7. Princess Cyd
The most generous, exposed-heart sort of humanism; the kind with novelistic integrity and a fullness of vision, a work concerned with all sorts of intimacy, a visually and structurally mature gift feels light and pleasant and easy. Stephen Cone’s modern classic is an ode to Marilynne Robinson and Jonathan Demme, to be sure, but it is full of such clean air, and back-kisses, and a voice so utterly unique in today’s cinematic landscape, and so winning seventeen different ways over. It’s healing, empowered art, and a radical rejiggering of the prototypical American indie towards something more…considered. It is a film of fluidity (a work of genuine queerness, a utopian view of acceptance and a bleary-eyed, quiet catharsis) and also specificity. Having been born and partially raised in suburban Chicago, I saw myself in this movie. But moreover, I saw so many people I loved.
Won’t somebody think of the children! Precision-engineered formalism (the opening half hour is so technically perfect, and the shot of the two teenagers hands slinking away just as the light of the tunnel hits them, A sleek film of muddied philosophy: These children enact reactionary comforts and genre gestures so completely informed by a capitalist mentality that the film never shakes, a frisson of genuinely uncomfortable, terrifying ideas. This may well be an empty film of tragic things made clean. It is still probably as good an indicator as any as to how good and important movies are right now, an authentically progressive film with no answers and all questions, an obsessive and obsessively confounding object.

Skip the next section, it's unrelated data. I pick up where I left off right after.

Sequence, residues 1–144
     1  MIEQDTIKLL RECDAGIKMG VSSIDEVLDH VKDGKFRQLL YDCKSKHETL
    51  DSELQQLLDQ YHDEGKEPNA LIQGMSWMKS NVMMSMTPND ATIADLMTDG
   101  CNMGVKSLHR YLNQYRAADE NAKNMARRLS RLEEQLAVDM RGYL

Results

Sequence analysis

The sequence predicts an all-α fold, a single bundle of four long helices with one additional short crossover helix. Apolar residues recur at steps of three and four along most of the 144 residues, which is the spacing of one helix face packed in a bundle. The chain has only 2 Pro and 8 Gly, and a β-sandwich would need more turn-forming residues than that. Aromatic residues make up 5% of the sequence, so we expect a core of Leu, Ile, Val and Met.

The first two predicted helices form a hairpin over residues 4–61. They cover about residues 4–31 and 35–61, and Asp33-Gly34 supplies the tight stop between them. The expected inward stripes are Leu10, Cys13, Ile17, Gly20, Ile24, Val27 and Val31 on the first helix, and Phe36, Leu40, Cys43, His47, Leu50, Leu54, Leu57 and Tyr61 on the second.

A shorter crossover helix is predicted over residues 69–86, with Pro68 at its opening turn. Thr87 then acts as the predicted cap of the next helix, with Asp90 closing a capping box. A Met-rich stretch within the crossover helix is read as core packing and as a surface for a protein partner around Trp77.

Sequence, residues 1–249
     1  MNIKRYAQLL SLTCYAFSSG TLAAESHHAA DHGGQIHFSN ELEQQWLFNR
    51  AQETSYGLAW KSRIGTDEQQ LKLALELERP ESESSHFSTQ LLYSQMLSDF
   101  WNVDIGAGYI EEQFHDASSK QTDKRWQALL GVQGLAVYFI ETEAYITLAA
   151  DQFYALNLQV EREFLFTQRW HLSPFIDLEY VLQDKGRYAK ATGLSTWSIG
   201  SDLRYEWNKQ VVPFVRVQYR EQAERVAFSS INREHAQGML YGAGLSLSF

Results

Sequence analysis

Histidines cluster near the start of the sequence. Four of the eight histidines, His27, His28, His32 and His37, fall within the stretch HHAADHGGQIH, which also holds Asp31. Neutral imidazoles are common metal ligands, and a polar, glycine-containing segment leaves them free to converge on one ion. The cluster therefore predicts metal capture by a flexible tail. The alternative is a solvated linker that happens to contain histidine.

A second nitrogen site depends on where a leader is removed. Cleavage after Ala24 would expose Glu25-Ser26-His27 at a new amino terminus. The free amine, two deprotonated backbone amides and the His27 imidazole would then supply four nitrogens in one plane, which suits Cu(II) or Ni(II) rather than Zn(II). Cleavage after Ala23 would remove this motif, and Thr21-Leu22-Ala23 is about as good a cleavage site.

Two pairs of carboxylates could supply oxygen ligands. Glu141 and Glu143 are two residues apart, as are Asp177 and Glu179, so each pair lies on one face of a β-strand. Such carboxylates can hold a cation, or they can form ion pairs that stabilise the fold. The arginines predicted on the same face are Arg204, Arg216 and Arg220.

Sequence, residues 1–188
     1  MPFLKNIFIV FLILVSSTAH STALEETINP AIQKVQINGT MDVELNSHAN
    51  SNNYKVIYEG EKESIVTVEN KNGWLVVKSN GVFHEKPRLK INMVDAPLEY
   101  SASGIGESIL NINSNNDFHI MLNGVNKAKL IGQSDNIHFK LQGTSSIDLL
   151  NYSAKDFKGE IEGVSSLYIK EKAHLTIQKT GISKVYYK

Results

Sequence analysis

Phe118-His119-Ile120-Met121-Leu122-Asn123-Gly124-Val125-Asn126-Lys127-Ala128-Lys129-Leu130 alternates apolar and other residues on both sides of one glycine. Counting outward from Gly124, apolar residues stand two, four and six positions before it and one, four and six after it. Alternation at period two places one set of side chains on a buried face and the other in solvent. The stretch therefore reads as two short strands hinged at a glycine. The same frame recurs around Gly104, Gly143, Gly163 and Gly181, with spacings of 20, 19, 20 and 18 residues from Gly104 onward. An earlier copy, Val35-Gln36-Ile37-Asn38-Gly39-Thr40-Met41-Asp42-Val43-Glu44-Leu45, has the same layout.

5. Dawson City: Frozen Time
A secret history, an entire town’s life at the movies, a rewriting and affirmation of cinema’s transistors pleasures and otherworldly power. Super-sad love story thesis ephemera. Movies are a reproduction of life imagined and life gone by, all the ways it was and could have been. It’s an exceptional an archival powerhouse and a cinephilic master text.
4. Personal Shopper
This is a movie where Kristen Stewart says the word ectoplasm multiple times and there are many references to Hilma af Klint and there is ghost texting and bondage and I have many other thoughts. A very sad, very lame movie, right down to the goofy-ass CGI and an A+ obnoxious murder scene. Stewart is at her best, a movie star incapable of not being herself, and a queer icon in a film that doesn’t fully do her justice. Assayas never quite nails it, but the films brushes and falls from perfection create an intangibly endearing, earnest, and truthful quality never before present in his work. I flipping love this messy mumbo jumbo movie. It helps that I believe in ghosts. Grief is a motherfucker.